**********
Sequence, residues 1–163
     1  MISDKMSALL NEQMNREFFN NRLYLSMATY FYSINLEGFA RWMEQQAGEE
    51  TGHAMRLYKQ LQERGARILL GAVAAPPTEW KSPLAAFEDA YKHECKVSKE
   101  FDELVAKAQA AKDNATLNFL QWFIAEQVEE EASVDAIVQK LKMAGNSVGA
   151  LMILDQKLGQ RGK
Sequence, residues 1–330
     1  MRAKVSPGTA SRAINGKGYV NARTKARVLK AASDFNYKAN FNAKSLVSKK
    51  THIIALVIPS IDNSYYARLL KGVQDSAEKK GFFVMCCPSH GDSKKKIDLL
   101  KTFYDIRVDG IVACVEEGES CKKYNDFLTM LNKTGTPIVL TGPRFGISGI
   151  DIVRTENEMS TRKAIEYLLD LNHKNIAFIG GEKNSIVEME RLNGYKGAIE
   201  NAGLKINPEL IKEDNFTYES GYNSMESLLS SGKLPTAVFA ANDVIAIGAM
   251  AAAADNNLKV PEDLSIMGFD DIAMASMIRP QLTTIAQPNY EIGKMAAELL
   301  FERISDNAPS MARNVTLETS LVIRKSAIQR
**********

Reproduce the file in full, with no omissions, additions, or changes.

Sequence, residues 1–163
     1  MISDKMSALL NEQMNREFFN NRLYLSMATY FYSINLEGFA RWMEQQAGEE
    51  TGHAMRLYKQ LQERGARILL GAVAAPPTEW KSPLAAFEDA YKHECKVSKE
   101  FDELVAKAQA AKDNATLNFL QWFIAEQVEE EASVDAIVQK LKMAGNSVGA
   151  LMILDQKLGQ RGK
Sequence, residues 1–330
     1  MRAKVSPGTA SRAINGKGYV NARTKARVLK AASDFNYKAN FNAKSLVSKK
    51  THIIALVIPS IDNSYYARLL KGVQDSAEKK GFFVMCCPSH GDSKKKIDLL
   101  KTFYDIRVDG IVACVEEGES CKKYNDFLTM LNKTGTPIVL TGPRFGISGI
   151  DIVRTENEMS TRKAIEYLLD LNHKNIAFIG GEKNSIVEME RLNGYKGAIE
   201  NAGLKINPEL IKEDNFTYES GYNSMESLLS SGKLPTAVFA ANDVIAIGAM
   251  AAAADNNLKV PEDLSIMGFD DIAMASMIRP QLTTIAQPNY EIGKMAAELL
   301  FERISDNAPS MARNVTLETS LVIRKSAIQR